6 Things the Happiest Runners Don’t Do

6 Things the Happiest Runners Don’t Do

Are you a happy runner?

Lately, I haven’t been. And I’ve been trying to figure out how to get my love for the run back.

I’ve read a lot of running books, thousands of blog posts about running, training books, and I’ve listened to hours of podcasts and I’ve seen all the running movies. After all of that, I’ve picked up on a few things that I do that runners who seem the happiest don’t do. Here they are:

1. Think Too Much

Happy runners just go on their run. They don’t think about what time it is in the morning. They don’t worry if they’ve created the right playlist. They don’t care if they match their outfit. They just go running.

 

2. Schedule Runs

The happiest runners go when they have the time. Running is their hobby. And who schedules hobbies? Sure, they may have a habit of running early in the morning or late at night, but it’s not written down on their calendar. They throw on their shoes and go when they feel like they just gotta go for a run. Have you ever noticed how when you schedule something, it becomes just another item on a to-do list? Should running be more like homework or a hobby?

 

3. Use Social Media Mileage Apps

The happiest runners don’t upload their milea

ge because they don’t need feedback on their run. They don’t need other people to tell them how badass they are because they got up at 4:30 a.m. and ran 20 miles on a Tuesday. Just doing it is enough.

 

4. Stare at their Watch

Happy runners don’t wear GPS watches.

 

Me (red skirt) and a group of running buddies during 2012's Virtual Run for Sherry.

Me (red skirt) and a group of running buddies

5. Race All the Time

A lot of runners race (even happy ones). And they have a ton of fun racing (myself included), but the happiest runners don’t need to race. They run for the love of running. They just run because it clears their mind. Or they want to be out in nature. Or it helps them think better.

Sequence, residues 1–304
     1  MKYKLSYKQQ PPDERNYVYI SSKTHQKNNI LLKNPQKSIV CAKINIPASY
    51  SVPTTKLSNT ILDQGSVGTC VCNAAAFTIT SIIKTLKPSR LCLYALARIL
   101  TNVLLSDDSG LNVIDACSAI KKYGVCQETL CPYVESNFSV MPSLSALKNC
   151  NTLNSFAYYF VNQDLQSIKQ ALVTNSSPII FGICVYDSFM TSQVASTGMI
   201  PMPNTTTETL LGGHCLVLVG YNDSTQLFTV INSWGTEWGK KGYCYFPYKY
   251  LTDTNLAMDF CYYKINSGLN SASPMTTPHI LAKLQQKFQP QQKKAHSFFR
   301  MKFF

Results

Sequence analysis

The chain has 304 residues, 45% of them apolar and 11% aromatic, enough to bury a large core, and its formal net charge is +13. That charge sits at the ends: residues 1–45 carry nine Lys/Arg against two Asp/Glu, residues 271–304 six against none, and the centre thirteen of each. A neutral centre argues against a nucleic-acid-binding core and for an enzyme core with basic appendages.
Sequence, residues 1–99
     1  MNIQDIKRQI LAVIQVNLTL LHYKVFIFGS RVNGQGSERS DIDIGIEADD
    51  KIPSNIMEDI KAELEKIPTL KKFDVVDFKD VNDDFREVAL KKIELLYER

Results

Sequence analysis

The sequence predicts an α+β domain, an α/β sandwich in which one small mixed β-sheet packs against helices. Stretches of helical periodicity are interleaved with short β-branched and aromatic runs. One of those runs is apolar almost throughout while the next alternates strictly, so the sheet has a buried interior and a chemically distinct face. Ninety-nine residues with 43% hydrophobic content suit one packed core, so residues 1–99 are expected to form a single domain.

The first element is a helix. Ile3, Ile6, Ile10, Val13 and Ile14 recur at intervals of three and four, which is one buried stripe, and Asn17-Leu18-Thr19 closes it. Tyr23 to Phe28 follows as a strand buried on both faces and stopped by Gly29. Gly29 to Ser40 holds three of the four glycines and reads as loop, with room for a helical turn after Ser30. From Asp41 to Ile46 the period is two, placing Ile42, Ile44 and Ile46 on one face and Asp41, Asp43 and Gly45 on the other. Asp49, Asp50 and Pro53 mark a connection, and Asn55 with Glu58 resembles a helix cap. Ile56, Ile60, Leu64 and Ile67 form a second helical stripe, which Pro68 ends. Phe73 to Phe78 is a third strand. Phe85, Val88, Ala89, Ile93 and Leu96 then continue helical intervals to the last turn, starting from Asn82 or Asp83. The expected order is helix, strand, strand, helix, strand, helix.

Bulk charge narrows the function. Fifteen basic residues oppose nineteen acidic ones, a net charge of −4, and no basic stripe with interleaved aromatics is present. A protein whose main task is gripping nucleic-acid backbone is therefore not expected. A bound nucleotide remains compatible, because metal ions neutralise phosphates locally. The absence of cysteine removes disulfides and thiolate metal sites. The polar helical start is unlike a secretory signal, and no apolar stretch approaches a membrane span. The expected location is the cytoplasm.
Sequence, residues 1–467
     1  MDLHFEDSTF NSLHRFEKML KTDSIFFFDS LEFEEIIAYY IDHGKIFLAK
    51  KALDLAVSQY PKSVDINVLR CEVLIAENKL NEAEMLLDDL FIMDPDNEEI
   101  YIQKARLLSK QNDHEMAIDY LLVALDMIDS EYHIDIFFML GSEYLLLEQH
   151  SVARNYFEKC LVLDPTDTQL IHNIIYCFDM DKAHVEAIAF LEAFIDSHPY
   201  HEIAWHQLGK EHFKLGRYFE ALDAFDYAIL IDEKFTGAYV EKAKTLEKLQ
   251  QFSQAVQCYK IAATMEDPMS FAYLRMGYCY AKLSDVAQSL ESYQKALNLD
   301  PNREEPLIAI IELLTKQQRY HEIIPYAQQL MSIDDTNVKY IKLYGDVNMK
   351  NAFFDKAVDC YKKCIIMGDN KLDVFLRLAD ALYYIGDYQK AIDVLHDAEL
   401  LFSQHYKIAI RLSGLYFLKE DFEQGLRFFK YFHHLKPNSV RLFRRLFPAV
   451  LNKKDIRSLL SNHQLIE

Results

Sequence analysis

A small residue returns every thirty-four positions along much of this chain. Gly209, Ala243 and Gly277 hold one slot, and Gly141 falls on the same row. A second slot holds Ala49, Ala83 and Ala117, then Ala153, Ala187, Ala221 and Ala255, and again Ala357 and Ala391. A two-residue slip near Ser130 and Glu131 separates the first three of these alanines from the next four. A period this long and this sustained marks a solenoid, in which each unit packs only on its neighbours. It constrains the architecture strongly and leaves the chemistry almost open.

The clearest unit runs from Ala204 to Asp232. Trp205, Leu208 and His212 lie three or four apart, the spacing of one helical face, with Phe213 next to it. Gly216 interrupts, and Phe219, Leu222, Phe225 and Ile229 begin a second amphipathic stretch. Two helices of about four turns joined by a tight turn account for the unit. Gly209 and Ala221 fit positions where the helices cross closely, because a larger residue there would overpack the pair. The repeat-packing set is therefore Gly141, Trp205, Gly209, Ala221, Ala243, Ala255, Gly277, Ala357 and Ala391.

6. Run for Fitness

This was the reason I started running and now that I’ve achieved my goal, I’m left feeling a little empty. For me, the point of running was to burn more calories. But that’s not the point. The happiest runners get out there because they love the feeling they get from running.

What do you think? What else don’t happy runners do?


A Workout Tip Coffee-Drinkers Will Love

A Workout Tip Coffee-Drinkers Will Love

Jillian Michaels said on her podcast recently that caffeine can help boost your athletic performance. Although, I should note that she doesn’t like the idea of getting your caffeine from coffee, but rather a supplement that also contains antioxidants and that helps slow the absorption of the caffeine in your system.

In the book, The Metabolic Effect Diet, the authors suggest that, for some people, a cup of coffee a half an hour before a workout can help improve workouts.

"Coffee" (c) 2005 by Timothy Boyd, under a CC Attributions: http://creativecommons.org/licenses/by/2.0/deed.en

“Coffee” (c) 2005 by Timothy Boyd, under a CC Attributions: http://creativecommons.org/licenses/by/2.0/deed.en

I will find any reason to have a cup of coffee during the day, so I wanted to know more.